This house looks like it had a 90 elbow right at the foundation. What is this new piping they installed ? It sticks up 2+ feet with some sort of brass bell on top and then a shut off valve. This would stick out in my yard as it is exposed with minimal landscaping.



    Second, why won't it freeze?

    Hard to see but I'm guessing this is a frostproof outdoor water spigot who's actual valve is below the ground and below frost. This means it can be left on all year.

    Just a guess going by your description. If that's true, it has nothing to do with the new water line, they just asked for an outside spigot. Though normally, you use that type away from a building because it's easier just to run a frostproof spigot through the wall.
    Single pipe quasi-vapor system. Typical operating pressure 0.14 - 0.43 oz. EcoSteam ES-20 Advanced Control for Residential Steam boilers. Rectorseal Steamaster water treatment
  • Kjmass1Kjmass1 Member Posts: 202
    They definitely ran a new line, the street was cut up. I'm going to reach out to them regardless to see how they liked the contractor. Curious to why they added it.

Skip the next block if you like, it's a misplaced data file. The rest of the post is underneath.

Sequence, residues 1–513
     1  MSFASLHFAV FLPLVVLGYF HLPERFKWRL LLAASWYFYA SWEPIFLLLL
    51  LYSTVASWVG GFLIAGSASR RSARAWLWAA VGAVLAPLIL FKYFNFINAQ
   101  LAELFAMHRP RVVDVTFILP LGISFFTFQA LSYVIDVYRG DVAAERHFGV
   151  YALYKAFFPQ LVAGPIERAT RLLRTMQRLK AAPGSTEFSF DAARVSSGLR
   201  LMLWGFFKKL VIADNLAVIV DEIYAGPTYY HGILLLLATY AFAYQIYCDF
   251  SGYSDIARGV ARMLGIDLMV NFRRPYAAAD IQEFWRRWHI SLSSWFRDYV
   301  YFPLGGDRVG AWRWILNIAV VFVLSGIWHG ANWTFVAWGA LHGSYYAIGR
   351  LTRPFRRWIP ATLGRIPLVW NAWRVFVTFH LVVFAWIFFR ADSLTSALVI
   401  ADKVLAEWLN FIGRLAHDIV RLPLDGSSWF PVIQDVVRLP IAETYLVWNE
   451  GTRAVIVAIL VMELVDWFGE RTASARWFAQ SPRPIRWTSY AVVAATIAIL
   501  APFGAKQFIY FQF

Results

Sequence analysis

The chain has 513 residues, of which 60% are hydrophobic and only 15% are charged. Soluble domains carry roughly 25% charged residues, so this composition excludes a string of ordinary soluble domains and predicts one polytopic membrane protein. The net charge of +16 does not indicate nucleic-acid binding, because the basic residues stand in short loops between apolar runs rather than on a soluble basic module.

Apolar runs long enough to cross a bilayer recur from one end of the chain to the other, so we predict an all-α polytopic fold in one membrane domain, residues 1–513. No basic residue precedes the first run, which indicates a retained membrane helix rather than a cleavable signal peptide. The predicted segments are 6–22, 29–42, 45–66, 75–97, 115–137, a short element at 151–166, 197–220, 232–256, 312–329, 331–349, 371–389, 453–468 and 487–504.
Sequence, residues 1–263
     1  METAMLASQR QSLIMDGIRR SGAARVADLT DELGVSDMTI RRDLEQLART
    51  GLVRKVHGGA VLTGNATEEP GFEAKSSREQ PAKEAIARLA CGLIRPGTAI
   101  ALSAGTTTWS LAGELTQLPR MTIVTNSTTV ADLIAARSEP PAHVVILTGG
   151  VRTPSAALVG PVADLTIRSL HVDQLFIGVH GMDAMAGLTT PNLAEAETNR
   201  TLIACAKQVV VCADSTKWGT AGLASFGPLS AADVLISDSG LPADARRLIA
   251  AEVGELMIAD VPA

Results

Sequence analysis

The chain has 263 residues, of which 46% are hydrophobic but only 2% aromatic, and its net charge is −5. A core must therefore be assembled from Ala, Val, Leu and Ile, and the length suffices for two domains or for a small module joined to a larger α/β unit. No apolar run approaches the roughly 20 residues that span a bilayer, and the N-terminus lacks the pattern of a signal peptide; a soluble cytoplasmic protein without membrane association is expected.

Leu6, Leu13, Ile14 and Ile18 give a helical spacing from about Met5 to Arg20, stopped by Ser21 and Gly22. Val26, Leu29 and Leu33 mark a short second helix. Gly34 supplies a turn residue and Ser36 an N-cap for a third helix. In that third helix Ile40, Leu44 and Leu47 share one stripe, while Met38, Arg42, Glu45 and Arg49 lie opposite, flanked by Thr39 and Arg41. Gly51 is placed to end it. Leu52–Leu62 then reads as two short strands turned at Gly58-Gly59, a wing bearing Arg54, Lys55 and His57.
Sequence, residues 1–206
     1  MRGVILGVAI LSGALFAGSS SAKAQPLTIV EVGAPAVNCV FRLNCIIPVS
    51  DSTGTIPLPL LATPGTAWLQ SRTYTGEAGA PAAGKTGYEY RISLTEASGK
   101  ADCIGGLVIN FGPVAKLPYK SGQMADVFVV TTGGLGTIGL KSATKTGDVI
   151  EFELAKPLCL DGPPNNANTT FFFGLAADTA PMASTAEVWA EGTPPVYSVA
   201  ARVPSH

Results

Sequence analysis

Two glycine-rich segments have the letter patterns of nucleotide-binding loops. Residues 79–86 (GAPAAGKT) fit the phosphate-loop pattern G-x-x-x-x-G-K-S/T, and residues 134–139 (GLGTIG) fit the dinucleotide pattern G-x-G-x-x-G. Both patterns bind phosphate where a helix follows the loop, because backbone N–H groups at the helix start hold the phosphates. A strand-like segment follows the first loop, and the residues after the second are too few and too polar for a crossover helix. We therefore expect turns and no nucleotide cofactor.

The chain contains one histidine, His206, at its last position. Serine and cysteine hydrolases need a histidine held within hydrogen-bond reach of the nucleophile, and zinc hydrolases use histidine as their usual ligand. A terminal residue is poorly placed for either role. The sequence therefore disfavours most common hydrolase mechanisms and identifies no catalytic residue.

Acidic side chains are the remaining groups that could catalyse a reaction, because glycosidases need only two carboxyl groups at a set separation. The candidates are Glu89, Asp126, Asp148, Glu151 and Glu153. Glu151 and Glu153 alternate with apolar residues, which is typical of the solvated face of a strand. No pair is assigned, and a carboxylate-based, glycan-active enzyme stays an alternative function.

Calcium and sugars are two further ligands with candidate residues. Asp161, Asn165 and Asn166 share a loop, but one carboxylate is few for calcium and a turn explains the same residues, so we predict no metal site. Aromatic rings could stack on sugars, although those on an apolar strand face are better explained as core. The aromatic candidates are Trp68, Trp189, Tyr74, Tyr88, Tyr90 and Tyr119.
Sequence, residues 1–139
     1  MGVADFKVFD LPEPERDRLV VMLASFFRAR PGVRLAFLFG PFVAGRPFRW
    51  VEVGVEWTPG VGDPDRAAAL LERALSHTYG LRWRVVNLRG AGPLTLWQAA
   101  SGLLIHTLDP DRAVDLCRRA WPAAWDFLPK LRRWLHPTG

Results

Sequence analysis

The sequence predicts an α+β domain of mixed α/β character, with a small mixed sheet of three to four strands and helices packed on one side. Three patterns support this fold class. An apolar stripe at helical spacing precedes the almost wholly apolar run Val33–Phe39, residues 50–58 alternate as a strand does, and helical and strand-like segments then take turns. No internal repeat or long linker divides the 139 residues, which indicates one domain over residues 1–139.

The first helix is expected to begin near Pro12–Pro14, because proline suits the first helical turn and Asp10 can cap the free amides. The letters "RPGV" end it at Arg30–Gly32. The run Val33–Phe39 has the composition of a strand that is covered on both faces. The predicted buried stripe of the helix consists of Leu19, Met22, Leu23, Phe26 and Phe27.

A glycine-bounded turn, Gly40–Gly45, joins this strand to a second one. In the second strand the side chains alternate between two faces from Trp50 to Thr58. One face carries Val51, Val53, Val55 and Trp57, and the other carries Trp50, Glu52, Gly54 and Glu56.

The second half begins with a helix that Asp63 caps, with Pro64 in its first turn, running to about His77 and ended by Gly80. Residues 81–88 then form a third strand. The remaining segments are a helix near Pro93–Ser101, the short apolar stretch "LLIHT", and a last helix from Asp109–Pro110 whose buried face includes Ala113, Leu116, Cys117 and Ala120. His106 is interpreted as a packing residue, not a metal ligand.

• SWEISWEI Member Posts: 7,356
    If you're going to go to all that expense and you really do have to use copper, I would seriously consider using coated pipe.
  • ChrisJChrisJ Member Posts: 10,983
    I have a pitiful 3/4" galvanized line that was installed god knows when and I know it's restricted. I replaced everything after the meter, but in my area from the meter to the curb shutoff is my problem and I can't afford replacing it.

    Funny thing, if I call the gas company and tell them I need more gas they will be out the next day with a bigger meter. Call the water co and tell them I want more water and I get told "tough".

    :)
    Single pipe quasi-vapor system. Typical operating pressure 0.14 - 0.43 oz. EcoSteam ES-20 Advanced Control for Residential Steam boilers. Rectorseal Steamaster water treatment
    Kjmass1
  • Kjmass1Kjmass1 Member Posts: 202
    Seriously...because the line is older than 70 years, I'm also responsible for paying from the curb stop to the main on the other side of the street (that's my fault somehow?) Plus I have to pay for the $400 street detail. Where do my taxes go?